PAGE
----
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Tuesday, December 13, 2016

Playing Stronger Opponents

     In his book The Road to Chess Mastery GM Alex Yermolinsky gives some helpful advice on what to do and what NOT to do when you face a stronger opponent. 
     He begins by acknowledging that there are several emotional factors you have to face, some for you and some against you and the trick is to accentuate those in your favor and diminish the negative factors. It takes a conscious effort to adjust your thinking pattern to the game situation because if you can't, then your play is probably going to be based on emotional factors.
     Frequently the worst, and one of the most common, mistakes to make is to deviate from opening setups you are familiar with. Usually this is because we think our usual openings are not good enough and our opponent may have a better understanding of them than we do. In those situations it is a frequent occurrence that a dubious opening will be chosen, studied briefly and then in the game we play the first 10-12 moves correctly before getting disoriented and don't have the slightest idea how to continue. Yermolinsky wrote that there is nothing he wanted than to have his opponent avoid theoretical lines trying to surprise him. The reason is that a dubious opening will give him a good position with plenty of pieces on the board and he will find a way to outplay anybody 300 rating points below him. 
     The best thing to do is play the sharpest lines in the best openings. You'll probably get outplayed in a long game, but if you can whip up an an attack from a sound position, you might be successful.
     Most players buy a book or CD on an opening that has a catchy title like Play This Crap and Win! that promises success when they play it and then memorize the variations. What usually happens is the opponent doesn't play a book line or the player forgets his analysis or gets things mixed up. The result is mistakes are made due to a lack of understanding of the position.
     I ran into classic example of this in a tournament once against an opponent rated a couple of hundred points below me. He was racing through the opening while I was playing rather slowly...a sure sign he was booked up. Late in the opening he sunk into a long think...meaning my last move was not in his book or he had forgotten the analysis. After his long think he made a huge blunder and lost quickly. 
     In the post mortem I got a lecture on the opening and when we got to the critical point he explained that my move wasn't any good. Why, I asked. The answer: Because it wasn't what Bobby Fischer played. Imagine that! My move wasn't as good as Fischer's. My only question was, "If it was so bad, why didn't you refute it?" All I got was a blank stare. 
     Another common error is trying to simplify at all costs in the belief that it will give better drawing chances. This is because of the belief that the higher rated opponent has superior tactical skills so we should avoid tactical situations. There's also the hope that the higher rated opponent, not wanting a draw, will reject good moves just because they lead to simplification. The truth is, nothing will make your higher rated opponent happier than seeing you trying to desperately simplify a position, because it often is done at the cost of positional considerations that will tell against you in the long run. Reducing the number of pieces on the board does not always simplify things.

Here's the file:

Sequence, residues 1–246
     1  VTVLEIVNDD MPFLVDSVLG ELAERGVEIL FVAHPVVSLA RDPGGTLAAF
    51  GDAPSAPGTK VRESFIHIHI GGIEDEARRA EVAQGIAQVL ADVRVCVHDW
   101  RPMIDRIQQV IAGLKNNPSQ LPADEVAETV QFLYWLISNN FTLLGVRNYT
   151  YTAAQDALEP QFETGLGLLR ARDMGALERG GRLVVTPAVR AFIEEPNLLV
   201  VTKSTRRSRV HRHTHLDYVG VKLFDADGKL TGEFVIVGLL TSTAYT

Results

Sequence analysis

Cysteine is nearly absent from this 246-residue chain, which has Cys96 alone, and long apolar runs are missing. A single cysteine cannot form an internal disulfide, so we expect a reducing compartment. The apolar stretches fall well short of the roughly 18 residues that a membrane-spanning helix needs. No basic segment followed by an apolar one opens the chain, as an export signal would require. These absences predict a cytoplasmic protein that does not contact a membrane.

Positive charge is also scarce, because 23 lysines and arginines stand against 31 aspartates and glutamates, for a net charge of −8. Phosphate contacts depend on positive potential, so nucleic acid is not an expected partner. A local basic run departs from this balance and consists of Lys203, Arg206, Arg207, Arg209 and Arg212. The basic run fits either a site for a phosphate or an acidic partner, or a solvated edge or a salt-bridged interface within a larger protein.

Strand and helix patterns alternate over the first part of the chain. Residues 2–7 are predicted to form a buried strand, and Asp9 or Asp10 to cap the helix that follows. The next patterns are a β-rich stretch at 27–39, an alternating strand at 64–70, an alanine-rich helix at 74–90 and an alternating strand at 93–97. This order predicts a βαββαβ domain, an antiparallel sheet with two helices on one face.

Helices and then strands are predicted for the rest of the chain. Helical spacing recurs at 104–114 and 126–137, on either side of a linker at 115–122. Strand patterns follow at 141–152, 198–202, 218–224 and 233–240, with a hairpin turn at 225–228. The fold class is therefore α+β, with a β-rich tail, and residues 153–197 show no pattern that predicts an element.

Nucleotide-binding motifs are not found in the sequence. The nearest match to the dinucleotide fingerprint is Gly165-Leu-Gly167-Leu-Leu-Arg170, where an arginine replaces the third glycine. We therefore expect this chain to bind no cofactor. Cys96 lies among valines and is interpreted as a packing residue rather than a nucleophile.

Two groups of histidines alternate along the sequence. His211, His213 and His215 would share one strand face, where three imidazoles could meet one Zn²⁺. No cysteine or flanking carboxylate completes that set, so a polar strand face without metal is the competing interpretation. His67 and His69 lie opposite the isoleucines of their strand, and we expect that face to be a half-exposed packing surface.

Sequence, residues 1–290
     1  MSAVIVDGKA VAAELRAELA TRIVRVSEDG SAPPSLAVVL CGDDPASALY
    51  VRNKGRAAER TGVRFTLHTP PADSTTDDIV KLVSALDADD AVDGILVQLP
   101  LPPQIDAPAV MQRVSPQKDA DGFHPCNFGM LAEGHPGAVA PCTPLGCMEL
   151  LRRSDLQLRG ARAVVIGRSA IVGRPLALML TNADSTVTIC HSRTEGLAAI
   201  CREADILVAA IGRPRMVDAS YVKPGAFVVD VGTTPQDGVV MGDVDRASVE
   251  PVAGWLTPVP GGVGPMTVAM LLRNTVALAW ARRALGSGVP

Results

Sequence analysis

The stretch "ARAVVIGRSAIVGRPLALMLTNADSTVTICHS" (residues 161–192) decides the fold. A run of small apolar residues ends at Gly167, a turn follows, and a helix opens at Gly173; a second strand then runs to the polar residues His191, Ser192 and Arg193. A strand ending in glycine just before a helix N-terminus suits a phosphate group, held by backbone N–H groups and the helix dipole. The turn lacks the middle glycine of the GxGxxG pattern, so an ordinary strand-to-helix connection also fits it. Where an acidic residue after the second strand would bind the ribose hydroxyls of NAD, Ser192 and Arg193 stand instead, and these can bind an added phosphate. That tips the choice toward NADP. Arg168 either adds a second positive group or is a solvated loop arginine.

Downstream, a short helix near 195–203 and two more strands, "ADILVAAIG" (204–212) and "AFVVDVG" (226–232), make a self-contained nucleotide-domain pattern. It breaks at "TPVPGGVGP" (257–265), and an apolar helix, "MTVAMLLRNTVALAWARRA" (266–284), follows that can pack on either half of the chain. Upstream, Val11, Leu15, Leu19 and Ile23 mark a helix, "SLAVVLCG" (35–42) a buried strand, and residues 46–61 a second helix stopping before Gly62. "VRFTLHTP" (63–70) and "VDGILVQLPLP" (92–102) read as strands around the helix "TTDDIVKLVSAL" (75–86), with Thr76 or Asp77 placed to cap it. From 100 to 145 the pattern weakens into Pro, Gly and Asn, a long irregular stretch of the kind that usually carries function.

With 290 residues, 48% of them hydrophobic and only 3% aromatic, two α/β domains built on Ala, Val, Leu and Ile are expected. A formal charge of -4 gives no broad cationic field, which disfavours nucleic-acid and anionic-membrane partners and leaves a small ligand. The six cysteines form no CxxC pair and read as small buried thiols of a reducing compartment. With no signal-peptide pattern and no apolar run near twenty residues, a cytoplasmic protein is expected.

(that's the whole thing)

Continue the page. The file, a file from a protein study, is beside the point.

Then there is a desire to create a material imbalance which usually means a sacrifice. This is often done because we think we have a better chance in an unclear position because the higher rated player is too good at positional play. Alternately, there is a fear of sacrificing anything because we believe our opponent is better at calculating. 
     Time management can also be a factor if we insist on checking and rechecking our calculations. This is often the case when we believe we are more prone to blunders than our opponent. 
     Inviting a crisis unnecessarily. We do this because we figure in long maneuvering games we will get outplayed. Yermolinsky also offered the advice that one should be careful before playing a freeing move because if they are truly freeing, the stronger opponent would likely have prevented it. 
     Playing defensively. We see threats, real or imagined, and figure it's better to be safe than sorry. The result is we abandon our plan in the hope of getting into a quiet position.
     Attacking whether justified or not because of the fear that we may end up in an inferior position, especially if it means playing an ending.
     Generally speaking, active play offers the best chance when facing a higher rated opponent. 

     Here is an example of of me trying to take my higher rated opponent out of the book and paying the price. When my opponent played the Bird Defense against my Ruy Lopez it didn't bother me because I play it myself sometimes. But, in this game I was outrated by a couple of hundred points and believed that if he played the Bird he was probably quite familiar with it.  So my rationale for playing the unusual 5.Qf3 was 1) it deviated from a setup with which I, and probably my opponent, was familiar. 
     Then on move 12 I launched a premature attack before I had castled and finally 3) in an effort to simplify, at move 15 I made an unprovoked exchange which resulted in a near lost position. 

1 comment:

  1. There is one important aspect of playing a much stronger opponent that you only mention in passing. You're probably going to lose! But if your stronger opponent is willing to go over the game with you, don't blow this opportunity by trying to lecture him. Shut up and listen to the free lesson you are getting! You aren't going to learn anything by listening to the sound of your own voice